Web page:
The Image Frame

As noted by John Szarkowski in 'The Photographers' (Secker and Warburg 1980), 'the central act of photography, the act of choosing and eliminating, forces a concentration on the picture edge – the line that separates in from out – and on the shapes that are created by it'.

If we walked around with a wire frame, we inevitably cut and truncate. With snapshots, this happens by accident and we chop off heads. The issue is: how can we duplicate this aspect of reality, while at the same time conveying the message that for a particular image it was a conscious choice? The boundaries of any image must fall somewhere. How can we position them so that they augment the message contained in the image? These boundaries must not only be part of the overall design, but be obviously so.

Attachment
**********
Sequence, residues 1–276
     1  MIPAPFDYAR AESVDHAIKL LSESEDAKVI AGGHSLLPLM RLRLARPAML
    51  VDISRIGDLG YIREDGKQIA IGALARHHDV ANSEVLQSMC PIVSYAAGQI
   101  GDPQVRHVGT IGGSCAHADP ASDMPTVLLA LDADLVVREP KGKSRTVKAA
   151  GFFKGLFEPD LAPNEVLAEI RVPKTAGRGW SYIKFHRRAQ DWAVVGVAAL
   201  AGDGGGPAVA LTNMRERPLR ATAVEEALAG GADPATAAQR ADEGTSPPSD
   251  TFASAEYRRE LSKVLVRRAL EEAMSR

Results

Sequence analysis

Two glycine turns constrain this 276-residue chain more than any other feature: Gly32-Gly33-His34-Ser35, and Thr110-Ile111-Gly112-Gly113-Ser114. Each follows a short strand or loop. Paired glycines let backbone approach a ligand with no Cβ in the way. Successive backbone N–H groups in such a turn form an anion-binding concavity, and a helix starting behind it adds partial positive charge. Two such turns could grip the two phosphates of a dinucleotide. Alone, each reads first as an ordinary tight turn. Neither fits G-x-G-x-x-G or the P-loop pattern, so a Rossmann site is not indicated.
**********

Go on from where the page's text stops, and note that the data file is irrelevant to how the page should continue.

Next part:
It is said that at the end of the 19th Century Degas' painting was influenced by photography. In many of his works, figures are cut by edges. We could do worse than try and emulate him. The location of the frame edges must be a conscious decision.